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Travis in Shoreline (just North of Seattle) Washington
USDA Zone 8
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Thanks Travis, that did help. At http://images.meredith.com/bhg/pdf/gardening/hardiness/oklahoma.pdf it's easy to see where the confusion lies. Logan County has a big yellow "dip" in it: Zone 6b.
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Excellent site for this! Thank you!

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from the looks of what I was able to discern, you are straddling growing zones 6a and 7a. With the little micro climates you'll have all over your yard, it will take a couple of seasons before you are able to figure out just what zone you're in. But since there isn't too much temperature difference between those, you should find a wide diversity of plants to grow. I'd say get in touch with the Agricultural department of the largest college nearest where you're going to settle (from the looks of it, it appears it will be Oklahoma City) I'd even contact the extension agent for Guthrie. that will clinch it. Good luck and lets home those wild brush fires don't deter you from your retirement dream..... madgardener, up on the ridge, back in Fairy Holler, overlooking English Mountain in Eastern Tennessee (straddling zone 6b and 7a)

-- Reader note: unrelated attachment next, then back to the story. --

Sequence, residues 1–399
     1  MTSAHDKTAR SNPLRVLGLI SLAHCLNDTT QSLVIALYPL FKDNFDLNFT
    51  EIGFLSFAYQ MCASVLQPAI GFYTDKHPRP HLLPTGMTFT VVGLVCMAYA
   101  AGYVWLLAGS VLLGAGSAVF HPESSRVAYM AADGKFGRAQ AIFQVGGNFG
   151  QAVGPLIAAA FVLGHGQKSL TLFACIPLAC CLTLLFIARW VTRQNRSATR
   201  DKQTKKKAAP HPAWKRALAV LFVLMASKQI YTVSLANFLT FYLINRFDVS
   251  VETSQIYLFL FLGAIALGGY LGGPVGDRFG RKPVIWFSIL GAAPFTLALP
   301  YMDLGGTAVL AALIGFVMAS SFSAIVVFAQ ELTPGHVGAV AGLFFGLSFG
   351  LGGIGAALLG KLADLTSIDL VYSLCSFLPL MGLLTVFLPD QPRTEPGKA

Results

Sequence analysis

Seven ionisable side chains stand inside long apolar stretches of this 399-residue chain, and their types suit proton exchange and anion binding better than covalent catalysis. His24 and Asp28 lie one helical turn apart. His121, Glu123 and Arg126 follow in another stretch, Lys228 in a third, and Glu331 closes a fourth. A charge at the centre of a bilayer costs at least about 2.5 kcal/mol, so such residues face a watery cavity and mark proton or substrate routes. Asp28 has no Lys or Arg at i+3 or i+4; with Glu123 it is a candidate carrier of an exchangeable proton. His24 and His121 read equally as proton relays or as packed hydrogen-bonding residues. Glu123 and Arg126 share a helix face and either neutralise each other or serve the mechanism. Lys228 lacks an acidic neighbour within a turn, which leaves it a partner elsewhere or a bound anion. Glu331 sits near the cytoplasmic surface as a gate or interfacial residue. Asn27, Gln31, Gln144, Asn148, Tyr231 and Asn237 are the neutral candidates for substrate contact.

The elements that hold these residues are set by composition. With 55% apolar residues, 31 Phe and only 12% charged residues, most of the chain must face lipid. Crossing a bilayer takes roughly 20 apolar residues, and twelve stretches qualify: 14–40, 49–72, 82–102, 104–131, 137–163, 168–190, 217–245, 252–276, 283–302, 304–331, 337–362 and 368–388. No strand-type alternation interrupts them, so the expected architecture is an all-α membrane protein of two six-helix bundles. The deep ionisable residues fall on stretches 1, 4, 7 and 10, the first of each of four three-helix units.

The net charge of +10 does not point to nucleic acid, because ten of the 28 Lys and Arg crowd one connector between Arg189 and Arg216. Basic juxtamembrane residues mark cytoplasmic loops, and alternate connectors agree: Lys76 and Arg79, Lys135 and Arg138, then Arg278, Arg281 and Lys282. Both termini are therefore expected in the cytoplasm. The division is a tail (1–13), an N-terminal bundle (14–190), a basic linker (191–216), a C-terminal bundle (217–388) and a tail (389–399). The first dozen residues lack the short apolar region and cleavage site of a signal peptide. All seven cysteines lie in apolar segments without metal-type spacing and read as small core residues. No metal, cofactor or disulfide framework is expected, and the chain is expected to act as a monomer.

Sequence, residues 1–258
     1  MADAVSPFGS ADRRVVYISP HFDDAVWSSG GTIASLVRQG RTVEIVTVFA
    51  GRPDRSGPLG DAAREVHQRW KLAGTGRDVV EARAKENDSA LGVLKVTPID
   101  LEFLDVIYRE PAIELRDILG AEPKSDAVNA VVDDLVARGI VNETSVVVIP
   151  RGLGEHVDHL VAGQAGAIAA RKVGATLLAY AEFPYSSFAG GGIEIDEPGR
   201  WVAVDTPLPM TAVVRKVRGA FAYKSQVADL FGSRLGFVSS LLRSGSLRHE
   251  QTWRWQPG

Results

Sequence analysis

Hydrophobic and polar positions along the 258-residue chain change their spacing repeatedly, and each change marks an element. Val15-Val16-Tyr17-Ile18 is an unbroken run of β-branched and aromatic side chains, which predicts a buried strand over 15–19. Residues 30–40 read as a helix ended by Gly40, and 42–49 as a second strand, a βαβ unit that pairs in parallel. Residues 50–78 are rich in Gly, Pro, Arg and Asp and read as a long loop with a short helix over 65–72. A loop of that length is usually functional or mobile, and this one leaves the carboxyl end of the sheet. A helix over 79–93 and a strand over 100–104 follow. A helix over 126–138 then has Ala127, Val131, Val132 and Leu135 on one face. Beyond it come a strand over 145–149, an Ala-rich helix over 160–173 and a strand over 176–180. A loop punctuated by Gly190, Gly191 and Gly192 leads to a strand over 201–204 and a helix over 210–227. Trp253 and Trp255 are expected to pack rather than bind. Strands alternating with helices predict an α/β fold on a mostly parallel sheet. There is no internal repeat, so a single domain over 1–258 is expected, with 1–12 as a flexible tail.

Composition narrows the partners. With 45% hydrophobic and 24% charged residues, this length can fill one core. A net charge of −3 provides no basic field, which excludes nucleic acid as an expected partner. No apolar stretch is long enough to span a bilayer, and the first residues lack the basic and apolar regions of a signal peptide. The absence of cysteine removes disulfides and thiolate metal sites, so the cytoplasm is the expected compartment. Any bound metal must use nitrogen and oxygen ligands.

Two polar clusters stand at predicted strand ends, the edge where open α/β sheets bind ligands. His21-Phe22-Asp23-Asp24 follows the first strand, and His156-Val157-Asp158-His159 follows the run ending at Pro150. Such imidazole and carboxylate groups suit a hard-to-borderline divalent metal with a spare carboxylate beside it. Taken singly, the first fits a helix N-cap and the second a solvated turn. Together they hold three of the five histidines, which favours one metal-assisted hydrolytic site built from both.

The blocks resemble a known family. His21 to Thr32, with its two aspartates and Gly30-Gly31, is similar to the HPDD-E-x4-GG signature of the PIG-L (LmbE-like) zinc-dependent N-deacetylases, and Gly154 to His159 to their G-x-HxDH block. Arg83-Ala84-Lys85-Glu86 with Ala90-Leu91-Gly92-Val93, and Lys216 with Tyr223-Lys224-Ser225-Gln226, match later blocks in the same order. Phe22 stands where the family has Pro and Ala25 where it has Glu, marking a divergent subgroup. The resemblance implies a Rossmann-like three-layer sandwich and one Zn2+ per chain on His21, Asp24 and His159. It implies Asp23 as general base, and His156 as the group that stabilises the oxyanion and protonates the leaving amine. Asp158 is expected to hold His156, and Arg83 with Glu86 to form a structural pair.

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Yeah, those fires are really bad, aren't they. But stuff happens everywhere. Tornados, floods, hurricanes, earthquakes, no water, terrorism. There's no place on the planet that's safe, as far as I can see.
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On 2 Jan 2006 17:07:10 -0800
] I'm going to retire soon, and I'm going home where I grew up, in ] Guthrie. One of the things I want to do--besides teach (I'm a music ] teacher)--is gardening. I remember how beautiful both sets of ] grandparents' gardens were. I have been collecting seed catalogs for ] this purpose. ] ] Problem is, I can't figure out what growing zone Guthrie is in, whether ] it's 7a or 6b, since there's a little bump in the chart, just above ] Oklahoma City where Guthrie is. (In the Stokes catalog, for example.) ] ] Anyone know about this? ]